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Napoleon Bonaparte once wrote: “Always ask your generals about your strategy, but never assemble them in the same war room.” That statement sheds light on a paradox: Whereas most strategists are assertive people, corporate strategy is a fuzzy discipline. Almost half a century after seminal works in the field, corporate strategy literature boasts at least 10 separate schools of thought1 and more than a dozen definitions that focus on rather divergent perspectives: planning resource allocation or satisfying stakeholders, stretching unique competencies or adapting to the environment, programming sophisticated management systems or muddling through emerging ideas — even sticking to simple rules. Strategy is often confused with microeconomics (“Strategy is building rent”), with finance (“Strategy is creating shareholder value”), with marketing (“Strategy is finding optimal positioning on the marketplace”) or with organizational design “Strategy is enabling emergent processes”). There are even some bizarre hybrids, such as “strategic finance” or “strategic marketing,” as if strategy were only defined vis-à-vis other disciplines. Strategic innovation often consists of importing concepts and methods from other disciplines, sometimes as distant as physics (chaos theory) or biology (organizational ecology). Scholars, executives and consultants alike know that it is problematic to explain to their students, employees or clients which decisions are strategic choices and which are just operational options.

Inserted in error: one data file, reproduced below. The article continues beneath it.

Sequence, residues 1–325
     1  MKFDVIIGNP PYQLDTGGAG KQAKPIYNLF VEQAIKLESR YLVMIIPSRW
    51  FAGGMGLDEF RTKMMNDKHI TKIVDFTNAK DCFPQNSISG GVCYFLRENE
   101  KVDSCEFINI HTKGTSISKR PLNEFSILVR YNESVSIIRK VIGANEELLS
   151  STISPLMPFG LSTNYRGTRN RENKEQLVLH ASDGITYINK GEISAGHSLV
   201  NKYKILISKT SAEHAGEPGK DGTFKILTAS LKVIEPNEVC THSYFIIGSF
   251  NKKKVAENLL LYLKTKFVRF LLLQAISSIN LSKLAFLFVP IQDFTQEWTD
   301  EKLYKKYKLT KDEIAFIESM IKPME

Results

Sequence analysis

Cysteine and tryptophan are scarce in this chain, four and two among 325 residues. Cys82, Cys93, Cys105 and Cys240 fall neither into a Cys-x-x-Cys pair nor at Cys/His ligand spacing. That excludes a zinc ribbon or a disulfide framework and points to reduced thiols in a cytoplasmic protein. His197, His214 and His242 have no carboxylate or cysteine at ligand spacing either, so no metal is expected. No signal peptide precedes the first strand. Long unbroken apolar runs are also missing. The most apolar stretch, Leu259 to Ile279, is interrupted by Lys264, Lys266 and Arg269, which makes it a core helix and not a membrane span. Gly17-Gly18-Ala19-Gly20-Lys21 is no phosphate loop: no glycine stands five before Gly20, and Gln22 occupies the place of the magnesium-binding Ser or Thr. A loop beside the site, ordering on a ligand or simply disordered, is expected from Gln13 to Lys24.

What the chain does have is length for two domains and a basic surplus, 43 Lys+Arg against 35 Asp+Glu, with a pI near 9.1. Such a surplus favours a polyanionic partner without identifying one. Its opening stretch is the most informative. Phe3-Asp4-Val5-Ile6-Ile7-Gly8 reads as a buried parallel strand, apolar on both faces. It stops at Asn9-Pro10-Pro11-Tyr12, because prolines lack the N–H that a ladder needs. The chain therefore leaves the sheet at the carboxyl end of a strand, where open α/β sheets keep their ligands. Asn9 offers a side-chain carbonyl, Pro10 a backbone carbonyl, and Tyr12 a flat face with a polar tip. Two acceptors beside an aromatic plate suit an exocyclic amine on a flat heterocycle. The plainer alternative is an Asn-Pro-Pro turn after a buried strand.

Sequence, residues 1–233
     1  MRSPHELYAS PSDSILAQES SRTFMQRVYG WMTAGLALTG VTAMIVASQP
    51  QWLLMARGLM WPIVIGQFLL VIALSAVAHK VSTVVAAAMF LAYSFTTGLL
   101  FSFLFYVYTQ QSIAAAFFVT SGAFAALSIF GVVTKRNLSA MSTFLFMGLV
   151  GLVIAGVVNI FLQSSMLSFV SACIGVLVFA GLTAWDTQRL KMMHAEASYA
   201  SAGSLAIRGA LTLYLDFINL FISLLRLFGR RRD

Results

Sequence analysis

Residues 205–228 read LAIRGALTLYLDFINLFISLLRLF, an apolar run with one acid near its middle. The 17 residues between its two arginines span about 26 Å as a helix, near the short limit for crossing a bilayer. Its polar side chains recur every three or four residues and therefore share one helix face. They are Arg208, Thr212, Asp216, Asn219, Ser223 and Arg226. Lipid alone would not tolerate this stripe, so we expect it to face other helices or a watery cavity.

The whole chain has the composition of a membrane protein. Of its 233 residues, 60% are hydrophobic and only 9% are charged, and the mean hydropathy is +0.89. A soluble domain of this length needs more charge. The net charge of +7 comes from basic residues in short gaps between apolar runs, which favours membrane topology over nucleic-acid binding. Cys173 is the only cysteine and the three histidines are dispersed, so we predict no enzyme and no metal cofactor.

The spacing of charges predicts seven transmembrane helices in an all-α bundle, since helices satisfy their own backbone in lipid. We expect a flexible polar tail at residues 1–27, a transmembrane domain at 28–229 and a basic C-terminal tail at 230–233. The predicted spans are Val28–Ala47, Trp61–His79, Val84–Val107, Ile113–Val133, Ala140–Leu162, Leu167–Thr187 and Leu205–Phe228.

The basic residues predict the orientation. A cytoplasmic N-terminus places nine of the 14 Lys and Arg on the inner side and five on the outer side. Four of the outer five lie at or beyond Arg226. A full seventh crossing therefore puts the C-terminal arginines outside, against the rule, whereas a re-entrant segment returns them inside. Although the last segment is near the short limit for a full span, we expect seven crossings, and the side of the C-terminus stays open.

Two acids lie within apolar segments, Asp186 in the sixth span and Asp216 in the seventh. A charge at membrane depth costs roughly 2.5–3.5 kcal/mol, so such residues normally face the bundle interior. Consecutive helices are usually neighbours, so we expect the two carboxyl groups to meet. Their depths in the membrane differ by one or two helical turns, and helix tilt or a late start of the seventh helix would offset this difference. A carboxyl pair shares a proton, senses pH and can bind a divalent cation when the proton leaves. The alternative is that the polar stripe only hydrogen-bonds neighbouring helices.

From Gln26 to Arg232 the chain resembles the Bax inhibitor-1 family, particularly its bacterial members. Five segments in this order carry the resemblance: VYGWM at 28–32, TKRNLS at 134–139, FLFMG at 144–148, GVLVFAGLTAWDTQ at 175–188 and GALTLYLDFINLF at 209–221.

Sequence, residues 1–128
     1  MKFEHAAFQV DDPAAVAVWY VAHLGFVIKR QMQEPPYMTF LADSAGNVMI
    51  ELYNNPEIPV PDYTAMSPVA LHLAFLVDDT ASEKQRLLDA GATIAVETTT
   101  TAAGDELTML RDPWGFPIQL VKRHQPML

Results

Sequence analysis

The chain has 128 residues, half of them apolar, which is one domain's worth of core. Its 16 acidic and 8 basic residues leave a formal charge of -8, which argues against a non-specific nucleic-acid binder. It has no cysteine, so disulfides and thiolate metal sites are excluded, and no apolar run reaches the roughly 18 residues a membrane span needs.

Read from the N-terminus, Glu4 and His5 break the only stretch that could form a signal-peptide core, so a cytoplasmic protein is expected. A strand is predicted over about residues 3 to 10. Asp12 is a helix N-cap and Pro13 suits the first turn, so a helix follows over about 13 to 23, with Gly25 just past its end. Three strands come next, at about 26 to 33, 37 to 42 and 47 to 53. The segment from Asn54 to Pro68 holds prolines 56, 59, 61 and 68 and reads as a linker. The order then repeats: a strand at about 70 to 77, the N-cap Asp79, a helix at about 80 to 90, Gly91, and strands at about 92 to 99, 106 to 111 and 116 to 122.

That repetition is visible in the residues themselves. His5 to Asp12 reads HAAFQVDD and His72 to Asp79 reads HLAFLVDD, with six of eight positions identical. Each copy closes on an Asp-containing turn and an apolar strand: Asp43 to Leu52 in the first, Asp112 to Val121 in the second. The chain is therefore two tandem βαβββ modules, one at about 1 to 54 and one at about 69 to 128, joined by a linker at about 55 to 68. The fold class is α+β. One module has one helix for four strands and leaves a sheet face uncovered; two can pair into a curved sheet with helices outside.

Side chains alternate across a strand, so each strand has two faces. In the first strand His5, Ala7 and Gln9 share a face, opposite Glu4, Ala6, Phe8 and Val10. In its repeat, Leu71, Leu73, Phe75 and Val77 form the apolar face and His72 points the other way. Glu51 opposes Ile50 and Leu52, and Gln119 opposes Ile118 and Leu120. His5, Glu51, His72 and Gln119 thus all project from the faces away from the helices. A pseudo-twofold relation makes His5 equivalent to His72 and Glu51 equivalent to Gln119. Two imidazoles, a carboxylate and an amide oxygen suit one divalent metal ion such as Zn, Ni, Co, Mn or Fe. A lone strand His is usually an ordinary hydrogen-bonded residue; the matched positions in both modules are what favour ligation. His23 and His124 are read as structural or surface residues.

To clarify and deepen our understanding of corporate strategy, we need general guidelines that set the boundaries of the discipline, highlight its specifics and facilitate executive decisions. (See “About the Research.”) On a general level, strategy comprises three objectives: creating value, handling imitation and shaping a perimeter. (See “The Dynamics of Strategy.”)
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1. H. Mintzberg and J. Lampel, “Reflecting on the Strategy Process,”